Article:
The sun is out and I’m sure lots of people have Paris on their minds! Here are our family tips for visiting the City of Love!
A huge group of people are all hurrying towards the same destination. We are in theLouvre Museum in Paris, famous not only for its art, but for its starring role in The Da Vinci Code, and we are moving along at speed to see one specific painting.
Except, of course it is not just any painting: the Mona Lisa is probably the most famous piece of art in the world. It is over 500 years old and has been housed in the Louvre since 1797. Despite the many objects on display, no one seems very interested in anything but the woman with the enigmatic smile.
When we actually find her, on a wall, behind a rope, she looks a bit smaller than I expected (only 21 by 30 inches). She’s also covered with bullet-proof glass.
Jess, Robert and I wriggle through the many people staring and taking pictures. We try to get an uninterrupted view, but it’s tricky with so many mobile phones in the way.
This museum, with its long queues and hordes of tourists, was not, as you may have guessed, the highlight of our trip to Paris, but it felt like something which had to be done. Luckily, once we had ticked it off our to-do list, we could enjoy some of the other treats on offer.
Of course these included the iconicEiffel Tower, once the tallest building in the world (it’s over 300 metres high). It should be top of every first-time visitor’s list, although it is extremely popular and if you just turn up, your heart will sink at the sight of the incredibly long queues. To avoid those, make sure you buy a ticket online in advance, and when you arrive, look for the signs for “Entree Visiteurs Avec Reservation”. You can find more of our tips for visiting the Eiffel Tower with, or without kids, here.
It’s ironic that the Tower, built by Gustave Eiffel for the World Exhibition in 1889, was meant to be temporary and there were complaints that this huge “object” was not a suitable fit for Parisian architecture. Fortunately, those grumbles are long gone and the Tower has become a symbol of the city, hovering into view pretty much wherever you are. If you want to take the perfect photograph, you might want to walk over to the Trocadero after your visit.
The Eiffel Tower more than lives up to the hype, and so does its home town. This so-called city of light is not only known as a place for lovers, but for artists, gourmands and shopaholics.
That doesn’t mean we fell in love with it instantly. In fact, we found Paris less friendly than London (although I’m a Londoner, so might be biased) and a bit confusing because lots of places are closed on certain days – Victor Hugo’s house and the Musee D’Orsay on Mondays, the Louvre on Tuesdays – so you have to plan ahead.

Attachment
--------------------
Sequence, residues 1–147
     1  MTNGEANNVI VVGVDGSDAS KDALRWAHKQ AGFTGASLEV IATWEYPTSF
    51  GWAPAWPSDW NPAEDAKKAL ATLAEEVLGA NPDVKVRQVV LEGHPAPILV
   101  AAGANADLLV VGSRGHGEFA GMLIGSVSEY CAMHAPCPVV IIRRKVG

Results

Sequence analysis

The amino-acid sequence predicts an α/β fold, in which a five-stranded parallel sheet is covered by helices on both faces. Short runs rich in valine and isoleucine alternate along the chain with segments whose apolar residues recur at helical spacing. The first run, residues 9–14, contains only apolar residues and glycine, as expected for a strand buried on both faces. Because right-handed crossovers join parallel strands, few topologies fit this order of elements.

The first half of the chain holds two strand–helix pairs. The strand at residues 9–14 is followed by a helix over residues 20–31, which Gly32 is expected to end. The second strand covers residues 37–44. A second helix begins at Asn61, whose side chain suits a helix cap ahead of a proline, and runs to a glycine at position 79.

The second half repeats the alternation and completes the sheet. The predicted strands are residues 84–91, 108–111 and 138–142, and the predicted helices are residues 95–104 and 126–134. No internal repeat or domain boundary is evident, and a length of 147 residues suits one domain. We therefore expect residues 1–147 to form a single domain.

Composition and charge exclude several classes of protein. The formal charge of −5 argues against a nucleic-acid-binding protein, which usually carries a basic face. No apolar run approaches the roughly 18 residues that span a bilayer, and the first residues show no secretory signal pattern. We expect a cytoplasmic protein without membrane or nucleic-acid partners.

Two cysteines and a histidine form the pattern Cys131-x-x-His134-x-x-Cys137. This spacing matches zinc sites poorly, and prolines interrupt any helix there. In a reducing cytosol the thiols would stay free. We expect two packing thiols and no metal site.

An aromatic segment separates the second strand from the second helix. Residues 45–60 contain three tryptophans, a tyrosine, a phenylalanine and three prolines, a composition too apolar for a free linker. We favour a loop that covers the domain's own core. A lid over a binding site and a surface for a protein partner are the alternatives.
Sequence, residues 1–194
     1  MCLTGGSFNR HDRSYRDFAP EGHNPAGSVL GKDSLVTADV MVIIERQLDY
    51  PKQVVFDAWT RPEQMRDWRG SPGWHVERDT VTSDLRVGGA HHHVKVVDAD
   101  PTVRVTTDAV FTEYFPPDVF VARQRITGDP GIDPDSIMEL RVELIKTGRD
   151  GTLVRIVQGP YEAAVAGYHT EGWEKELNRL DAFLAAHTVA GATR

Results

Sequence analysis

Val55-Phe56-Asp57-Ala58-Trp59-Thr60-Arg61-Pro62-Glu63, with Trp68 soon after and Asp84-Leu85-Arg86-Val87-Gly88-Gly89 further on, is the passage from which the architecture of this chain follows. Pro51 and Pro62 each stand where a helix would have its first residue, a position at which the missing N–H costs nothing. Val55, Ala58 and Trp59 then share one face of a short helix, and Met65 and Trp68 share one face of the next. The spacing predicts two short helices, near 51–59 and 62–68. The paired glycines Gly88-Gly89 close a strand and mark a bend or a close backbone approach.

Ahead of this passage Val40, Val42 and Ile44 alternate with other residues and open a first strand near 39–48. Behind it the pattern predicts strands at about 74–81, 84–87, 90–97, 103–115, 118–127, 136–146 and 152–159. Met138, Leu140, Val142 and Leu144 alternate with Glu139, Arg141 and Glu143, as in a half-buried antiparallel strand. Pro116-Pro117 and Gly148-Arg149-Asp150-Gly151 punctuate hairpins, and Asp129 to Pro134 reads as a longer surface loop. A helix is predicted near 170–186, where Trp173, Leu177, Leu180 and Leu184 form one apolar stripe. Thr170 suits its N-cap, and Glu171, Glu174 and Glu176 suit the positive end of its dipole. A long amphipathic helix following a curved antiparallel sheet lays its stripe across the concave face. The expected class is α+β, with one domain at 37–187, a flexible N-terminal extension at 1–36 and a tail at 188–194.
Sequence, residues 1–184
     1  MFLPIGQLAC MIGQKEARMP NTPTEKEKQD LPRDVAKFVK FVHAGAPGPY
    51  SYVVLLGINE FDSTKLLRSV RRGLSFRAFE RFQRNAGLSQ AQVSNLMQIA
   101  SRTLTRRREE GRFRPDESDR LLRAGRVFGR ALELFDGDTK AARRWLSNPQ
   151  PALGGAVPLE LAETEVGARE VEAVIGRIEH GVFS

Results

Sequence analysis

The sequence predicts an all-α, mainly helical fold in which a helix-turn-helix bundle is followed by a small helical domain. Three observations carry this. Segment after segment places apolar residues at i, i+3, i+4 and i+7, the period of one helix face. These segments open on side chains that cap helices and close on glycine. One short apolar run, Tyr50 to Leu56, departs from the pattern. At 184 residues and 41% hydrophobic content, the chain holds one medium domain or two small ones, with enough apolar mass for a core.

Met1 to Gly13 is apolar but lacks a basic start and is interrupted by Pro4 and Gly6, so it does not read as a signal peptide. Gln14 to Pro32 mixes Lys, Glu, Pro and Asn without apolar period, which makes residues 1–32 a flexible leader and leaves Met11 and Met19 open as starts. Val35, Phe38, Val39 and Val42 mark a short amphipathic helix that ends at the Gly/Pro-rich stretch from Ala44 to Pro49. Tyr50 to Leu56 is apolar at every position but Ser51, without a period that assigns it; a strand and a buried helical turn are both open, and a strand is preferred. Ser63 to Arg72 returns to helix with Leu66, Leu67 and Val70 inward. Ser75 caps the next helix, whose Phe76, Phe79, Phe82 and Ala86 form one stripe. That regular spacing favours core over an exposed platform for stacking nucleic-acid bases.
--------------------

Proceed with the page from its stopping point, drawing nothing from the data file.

It’s also one of the priciest cities in the world. We were shocked to find that a soft drink or hot chocolate cost more than €5 and I had to bite my tongue when my daughter wanted a macaroon and I saw that it cost €6, or over £5 for one biscuit!
But those things apart, Paris certainly has a lot to offer. The city is actually a collection of villages (or arrondissements) and you can stroll round the artists’ area of Montmartre before taking a short cable car ride up to the beautiful Basilique do Sacre-Coeur (where you can see the Eiffel Tower lit up at night) or saunter through the beautiful Tuileries gardens.
Shoppers should take in the Marais district, which is also full of galleries and cafes, while families should take advantage of the fantastic parks on offer, from ones you just fall upon by chance (such as just outside Victor Hugo’s house) to the spectacular, such as the Jardin D’Acclimation, which is worth a visit on its own. Robert has written his own post about this.
We also enjoyed seeing the famous Rodin sculpure of the Thinker at the Rodin Museum. We loved walking around this museum as there are so many sculptures to see outdoors. It was already closed for visitors inside when we were there.
Walking is a particular pleasure because you keep coming upon remarkable monuments, such as the 23 metre high Obelisk, which was originally located at the entrance to Luxor Temple, in Egypt. We also walked past a memorial to Winston Churchill.
One of the most impressive is the Arc de Triomphe, even though it’s right in the middle of traffic chaos. Built by Napoleon, it’s situated in the centre of the Place de L’Etoile (which means “place of the star”). Twelve grand avenues, including the Champs Elysees, radiate off it, to form, funnily enough, a star.
However, our favourite part of our Paris trip was not on dry land. It was a sightseeing cruise along the River Seine in a boat, the famous Bateaux Mouche.
This 70 minute ride, which costs €12.5 per adult, is a must-do, as it’s relaxing and informative, with fantastic views. It is wonderful to see so much, from Notre Dame to the fortress of the Conciergie, and all from an angle you could never see on land. It really is the best way to see the city.
PS We went to Paris via Eurostar and thought it was a fantastic way to travel and far more relaxing than flying!